Hopkins accepted 1,652 additional members to the Class of 2025 from an applicant pool of 33,236 students on March 19 in the regular decision cycle (RD). They join 824 students who were admitted through the two rounds of early decision. Over 3,400 students were offered a spot on the waitlist.
While the official acceptance rate will not be released until the summer, the RD acceptance rate was just under 5%. The rate has hovered around 7% in the past few years.
Franko Piskulich from Southern California applied to Hopkins to pursue his dream of becoming a neurosurgeon.
“I cried [when I found out] because I couldn’t believe what was happening and how blessed I was to be accepted into such a great institution,” he said. “Moving across the country for college is a sacrifice to be away from your family. At first you’re going to feel uneasy, but you have to open yourself up and put yourself out there.”
Like Piskulich, new admit Anthony Lara was drawn to the opportunities for medical research at Hopkins.
“I want to interact with communities and people who understand my passion to use medicine for good. And Hopkins is not just medicine, which makes it even better. People are learning other incredible things, too,” he said.
Due to COVID-19, Hopkins, alongside many other colleges, waived standardized testing requirements. The University announced that the test-optional policy will continue in next year’s admissions cycle.
The University also stopped offering in-person campus tours last March due to the pandemic, and this year’s applicants relied on virtual resources to learn about the University.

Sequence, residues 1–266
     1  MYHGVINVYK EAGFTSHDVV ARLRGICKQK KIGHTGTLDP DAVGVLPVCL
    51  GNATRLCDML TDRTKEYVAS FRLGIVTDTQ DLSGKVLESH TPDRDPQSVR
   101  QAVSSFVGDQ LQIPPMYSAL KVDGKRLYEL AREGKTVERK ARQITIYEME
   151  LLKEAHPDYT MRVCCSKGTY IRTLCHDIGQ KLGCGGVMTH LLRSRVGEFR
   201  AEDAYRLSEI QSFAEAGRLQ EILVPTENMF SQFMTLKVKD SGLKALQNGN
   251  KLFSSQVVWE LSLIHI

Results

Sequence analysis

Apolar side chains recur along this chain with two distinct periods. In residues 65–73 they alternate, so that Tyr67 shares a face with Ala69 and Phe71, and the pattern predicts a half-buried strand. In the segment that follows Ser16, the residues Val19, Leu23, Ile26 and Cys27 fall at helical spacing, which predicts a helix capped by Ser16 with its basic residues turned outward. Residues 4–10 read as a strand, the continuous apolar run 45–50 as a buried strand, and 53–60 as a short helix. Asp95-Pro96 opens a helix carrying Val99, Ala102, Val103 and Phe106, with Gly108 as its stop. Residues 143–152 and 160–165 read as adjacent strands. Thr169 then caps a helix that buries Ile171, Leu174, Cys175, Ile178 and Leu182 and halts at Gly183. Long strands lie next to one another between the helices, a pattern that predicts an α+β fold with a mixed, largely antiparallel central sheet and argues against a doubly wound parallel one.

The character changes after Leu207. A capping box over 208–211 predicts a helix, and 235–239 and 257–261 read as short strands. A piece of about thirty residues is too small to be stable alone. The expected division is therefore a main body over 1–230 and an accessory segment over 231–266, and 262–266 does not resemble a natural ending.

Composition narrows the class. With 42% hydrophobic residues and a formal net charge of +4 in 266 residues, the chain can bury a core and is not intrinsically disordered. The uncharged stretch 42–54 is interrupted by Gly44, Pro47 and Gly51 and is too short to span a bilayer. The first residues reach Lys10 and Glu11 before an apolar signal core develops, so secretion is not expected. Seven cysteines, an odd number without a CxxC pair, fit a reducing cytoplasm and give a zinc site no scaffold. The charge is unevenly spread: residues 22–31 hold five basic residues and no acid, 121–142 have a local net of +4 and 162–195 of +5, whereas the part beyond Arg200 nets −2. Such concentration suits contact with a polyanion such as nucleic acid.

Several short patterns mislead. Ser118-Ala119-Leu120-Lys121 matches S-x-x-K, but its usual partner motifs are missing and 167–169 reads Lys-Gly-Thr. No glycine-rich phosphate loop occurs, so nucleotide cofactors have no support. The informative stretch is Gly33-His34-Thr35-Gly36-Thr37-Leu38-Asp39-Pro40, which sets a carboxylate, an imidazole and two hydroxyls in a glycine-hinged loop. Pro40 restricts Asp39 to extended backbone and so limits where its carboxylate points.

John Liu from Louisiana was able to learn about campus life through the University’s social media.
“The pandemic made applying harder because I couldn’t visit any colleges on campus, so I had to rely on YouTube videos,” he said. “The Instagram page helped me decide to apply to Hopkins. It seemed like everyone had an outgoing and super fun personality.”
Liu has yet to make a decision, but he noted that the financial aid he received makes Hopkins an attractive choice.
While the University has yet to announce whether the hybrid model will continue in the fall semester, Allison Wu from Iowa expressed excitement about being in Baltimore.
“I haven’t had to make new friends since elementary school,“ she said. “I’m most excited to meet new people and explore a new big city.”
Lara also hopes that he will be able to experience traditional college life this fall.
“I’m excited for the all-nighters. It’s the best of both worlds, making memories with friends while we all focus on our passions and our work,” he said. “Hopkins already feels like home, and I’m excited to make it my home.”
Chris H. Park contributed reporting to this article.
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